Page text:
On June 12, 1968, this revised NPT, now incorporating provisions for both nonproliferation and disarmament, swept through the U.N. General Assembly by a vote of 95 to 4, with 21 abstentions. Although, ominously, a number of nations with nuclear ambitions refused to ratify the treaty, the NPT did provide an important milestone in global efforts to avert nuclear catastrophe.
In some ways, the NPT was a success. After it went into force in 1970, almost all nations capable of building nuclear weapons rejected this option. Furthermore, through disarmament treaties and individual action, the nuclear nations divested themselves of a significant number of their nuclear weapons.
Today, 42 years after the signing of the NPT, more than 23,000 nuclear weapons remain in existence and the number of nuclear powers has grown from five to nine.
Even so, thanks to a lingering belief that national security ultimately lies in military strength, nations have resisted honoring their full obligations under the NPT. The nuclear powers delayed implementing their rhetorical commitment to full-scale nuclear disarmament. Meanwhile, some non-nuclear nations, charging the nuclear powers with hypocrisy, began to develop nuclear weapons themselves. Today, 42 years after the signing of the NPT, more than 23,000 nuclear weapons remain in existence and the number of nuclear powers has grown from five to nine.
Thus, the NPT review conference this May could simply continue the old game of duplicity and delay. Nuclear nations could avoid making plans to eliminate their very substantial nuclear arsenals, while demanding that other countries remain non-nuclear. Non-nuclear nations could point to the failure of the nuclear nations to disarm and use that as their justification for joining the nuclear club.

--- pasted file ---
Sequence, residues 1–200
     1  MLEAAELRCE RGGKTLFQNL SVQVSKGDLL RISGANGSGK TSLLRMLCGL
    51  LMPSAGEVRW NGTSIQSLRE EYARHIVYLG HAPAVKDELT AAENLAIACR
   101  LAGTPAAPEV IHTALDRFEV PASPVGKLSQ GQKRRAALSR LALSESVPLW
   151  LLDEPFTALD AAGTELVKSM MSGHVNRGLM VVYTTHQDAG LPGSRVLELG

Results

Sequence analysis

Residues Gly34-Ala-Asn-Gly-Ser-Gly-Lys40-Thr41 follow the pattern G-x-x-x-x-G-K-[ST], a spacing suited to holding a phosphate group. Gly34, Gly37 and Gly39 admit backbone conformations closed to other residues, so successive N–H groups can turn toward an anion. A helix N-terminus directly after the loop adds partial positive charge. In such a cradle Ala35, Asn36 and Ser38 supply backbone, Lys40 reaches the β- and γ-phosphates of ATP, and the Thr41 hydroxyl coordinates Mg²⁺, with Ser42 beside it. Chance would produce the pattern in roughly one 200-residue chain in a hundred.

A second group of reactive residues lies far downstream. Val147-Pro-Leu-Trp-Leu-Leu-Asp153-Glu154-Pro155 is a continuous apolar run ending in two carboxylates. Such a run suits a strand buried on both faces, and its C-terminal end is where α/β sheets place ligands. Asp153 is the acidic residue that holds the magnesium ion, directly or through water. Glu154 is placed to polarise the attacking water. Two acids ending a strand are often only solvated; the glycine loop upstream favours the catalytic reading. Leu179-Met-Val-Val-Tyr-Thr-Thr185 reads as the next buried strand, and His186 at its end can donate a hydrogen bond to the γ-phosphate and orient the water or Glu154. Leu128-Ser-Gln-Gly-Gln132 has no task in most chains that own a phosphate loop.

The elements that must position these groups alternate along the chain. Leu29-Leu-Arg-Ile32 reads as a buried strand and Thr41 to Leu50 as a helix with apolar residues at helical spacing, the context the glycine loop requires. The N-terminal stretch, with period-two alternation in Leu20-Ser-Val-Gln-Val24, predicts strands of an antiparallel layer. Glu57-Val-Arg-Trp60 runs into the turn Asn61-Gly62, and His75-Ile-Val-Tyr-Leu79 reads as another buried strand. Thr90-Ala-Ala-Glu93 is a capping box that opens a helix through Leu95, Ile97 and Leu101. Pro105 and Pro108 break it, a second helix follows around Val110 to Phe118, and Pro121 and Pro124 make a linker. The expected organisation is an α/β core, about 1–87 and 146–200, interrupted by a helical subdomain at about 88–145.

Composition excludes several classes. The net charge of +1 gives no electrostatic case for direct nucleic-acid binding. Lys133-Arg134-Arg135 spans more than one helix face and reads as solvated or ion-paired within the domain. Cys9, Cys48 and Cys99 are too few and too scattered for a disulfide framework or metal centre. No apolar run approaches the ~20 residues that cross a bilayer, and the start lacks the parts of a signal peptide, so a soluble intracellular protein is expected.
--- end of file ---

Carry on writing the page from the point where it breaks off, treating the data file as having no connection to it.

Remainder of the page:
But there is an alternative. The world public might decide that enough is enough—that it’s time to move beyond the cautious, half-way measures of the past and bring an end to the terrible danger of nuclear annihilation. That would require a massive outpouring of public sentiment, this May and in the following months, demanding nothing less than the abolition of nuclear weapons. Such an outpouring would provide a solid basis on which reluctant government officials might finally do what they should long ago have done: take effective action to build a nuclear weapons-free world.
Dr. Wittner is Professor of History at the State University of New York/Albany. His latest book is Confronting the Bomb: A Short History of the World Nuclear Disarmament Movement (Stanford University Press).
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This story was published on April 27, 2010.